Columns present parameters: (a) elimination stage, (b) number of characteristic features left, (c) number of all rules in a decision algorithm, (d) number of exact rules in a decision algorithm when they are fewer than the total number of rules, (e) value or range of values for minimal support required of rules resulting in maximal classification accuracy, (f) minimal number of rules meeting constraints, and (g) maximal classification accuracy (%)

Since the classification accuracy is usually treated as the most important factor indicating the quality of the obtained solution, we can focus our attention on two (g) columns in Table 3, or a graph in Fig. 4. For both MCDA and FDA classifiers, there are several cases of improved or the same performance when features are reduced, yet the gain, considered in terms of either a number of rejected features, or an increase in predictive accuracy, or a lower number of decision rules remaining in the algorithm, is not so high as it was observed previously for simple ANN or MCDA wrappers.
Fig. 4

Classification accuracy for MCDA and FDA decision algorithms induced after backward attribute elimination based on ANN Ranking, in relation to the number of features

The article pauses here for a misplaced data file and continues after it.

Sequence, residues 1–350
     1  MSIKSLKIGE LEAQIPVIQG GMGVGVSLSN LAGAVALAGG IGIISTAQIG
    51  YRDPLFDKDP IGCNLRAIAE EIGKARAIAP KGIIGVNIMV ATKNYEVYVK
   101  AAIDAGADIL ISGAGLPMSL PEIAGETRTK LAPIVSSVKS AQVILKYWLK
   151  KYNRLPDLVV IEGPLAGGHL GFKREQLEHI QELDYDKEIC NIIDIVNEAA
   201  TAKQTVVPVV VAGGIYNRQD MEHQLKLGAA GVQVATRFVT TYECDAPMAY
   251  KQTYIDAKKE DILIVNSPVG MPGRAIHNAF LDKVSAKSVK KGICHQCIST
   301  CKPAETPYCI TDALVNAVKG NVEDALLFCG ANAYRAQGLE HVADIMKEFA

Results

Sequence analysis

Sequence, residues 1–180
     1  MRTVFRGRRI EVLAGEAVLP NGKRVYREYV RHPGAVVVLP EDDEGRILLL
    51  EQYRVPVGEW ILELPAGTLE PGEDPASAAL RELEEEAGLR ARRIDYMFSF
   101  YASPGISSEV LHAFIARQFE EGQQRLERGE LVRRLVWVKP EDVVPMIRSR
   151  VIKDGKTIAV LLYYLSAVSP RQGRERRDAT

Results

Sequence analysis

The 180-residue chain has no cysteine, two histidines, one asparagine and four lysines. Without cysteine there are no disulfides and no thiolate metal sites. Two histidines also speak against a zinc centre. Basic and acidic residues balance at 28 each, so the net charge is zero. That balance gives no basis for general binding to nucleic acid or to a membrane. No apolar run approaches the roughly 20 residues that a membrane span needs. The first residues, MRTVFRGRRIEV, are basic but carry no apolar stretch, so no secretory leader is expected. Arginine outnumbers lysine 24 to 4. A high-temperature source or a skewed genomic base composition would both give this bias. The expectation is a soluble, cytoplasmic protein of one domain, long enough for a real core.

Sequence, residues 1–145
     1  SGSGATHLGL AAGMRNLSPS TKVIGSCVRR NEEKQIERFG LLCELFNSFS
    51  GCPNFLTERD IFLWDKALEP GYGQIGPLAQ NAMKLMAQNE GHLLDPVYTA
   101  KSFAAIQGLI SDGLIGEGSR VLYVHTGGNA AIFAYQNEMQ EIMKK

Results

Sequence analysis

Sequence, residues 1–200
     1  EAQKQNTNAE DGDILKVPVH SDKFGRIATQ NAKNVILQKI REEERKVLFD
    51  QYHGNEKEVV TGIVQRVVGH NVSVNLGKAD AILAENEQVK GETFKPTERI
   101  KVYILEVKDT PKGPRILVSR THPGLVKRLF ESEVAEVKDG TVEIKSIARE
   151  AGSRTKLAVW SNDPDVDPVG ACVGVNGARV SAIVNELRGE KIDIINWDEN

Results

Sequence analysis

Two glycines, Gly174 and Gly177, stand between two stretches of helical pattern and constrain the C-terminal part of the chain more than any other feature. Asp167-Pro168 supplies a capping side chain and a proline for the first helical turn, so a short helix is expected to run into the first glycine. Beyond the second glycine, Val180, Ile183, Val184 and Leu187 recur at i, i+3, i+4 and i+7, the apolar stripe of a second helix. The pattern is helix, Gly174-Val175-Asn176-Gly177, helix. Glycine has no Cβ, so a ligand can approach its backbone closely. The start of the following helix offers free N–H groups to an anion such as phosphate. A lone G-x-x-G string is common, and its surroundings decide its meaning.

Instead of reducing conditional attributes and then inferring new decision algorithms, which can be very time consuming, we can also eliminate these attributes by discarding rules with conditions on them, limiting all rules on examples decision algorithm induced previously for all features [59, 63]. Such approach can be considered as execution of ranking for decision rules.

Firstly, to each rule in the induced algorithm, a score is assigned, basing on individual scores for all attributes included in the premise part of the rule. From all these elementary scores, corresponding to constituent conditions, the highest one is chosen, indicating the attribute that is perceived as the least important; thus, the first to be eliminated, and this score is given to the decision rule. Then all rules are ordered by their scores, and in each step of reduction, all rules with a certain score are rejected, which results in reduced decision algorithms.